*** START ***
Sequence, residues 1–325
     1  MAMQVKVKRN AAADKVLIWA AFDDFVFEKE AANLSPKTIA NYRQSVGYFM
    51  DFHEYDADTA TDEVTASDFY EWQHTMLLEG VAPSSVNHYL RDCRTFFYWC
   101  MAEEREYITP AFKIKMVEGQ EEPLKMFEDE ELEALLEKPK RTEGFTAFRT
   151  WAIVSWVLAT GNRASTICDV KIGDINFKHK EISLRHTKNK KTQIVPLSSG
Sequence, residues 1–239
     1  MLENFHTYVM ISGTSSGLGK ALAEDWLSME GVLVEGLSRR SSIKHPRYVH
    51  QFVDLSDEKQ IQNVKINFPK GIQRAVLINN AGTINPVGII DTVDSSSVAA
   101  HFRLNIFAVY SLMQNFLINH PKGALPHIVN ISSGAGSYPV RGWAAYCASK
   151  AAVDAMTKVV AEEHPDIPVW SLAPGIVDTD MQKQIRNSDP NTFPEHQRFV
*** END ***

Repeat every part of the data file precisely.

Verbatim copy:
Sequence, residues 1–325
     1  MAMQVKVKRN AAADKVLIWA AFDDFVFEKE AANLSPKTIA NYRQSVGYFM
    51  DFHEYDADTA TDEVTASDFY EWQHTMLLEG VAPSSVNHYL RDCRTFFYWC
   101  MAEEREYITP AFKIKMVEGQ EEPLKMFEDE ELEALLEKPK RTEGFTAFRT
   151  WAIVSWVLAT GNRASTICDV KIGDINFKHK EISLRHTKNK KTQIVPLSSG
Sequence, residues 1–239
     1  MLENFHTYVM ISGTSSGLGK ALAEDWLSME GVLVEGLSRR SSIKHPRYVH
    51  QFVDLSDEKQ IQNVKINFPK GIQRAVLINN AGTINPVGII DTVDSSSVAA
   101  HFRLNIFAVY SLMQNFLINH PKGALPHIVN ISSGAGSYPV RGWAAYCASK
   151  AAVDAMTKVV AEEHPDIPVW SLAPGIVDTD MQKQIRNSDP NTFPEHQRFV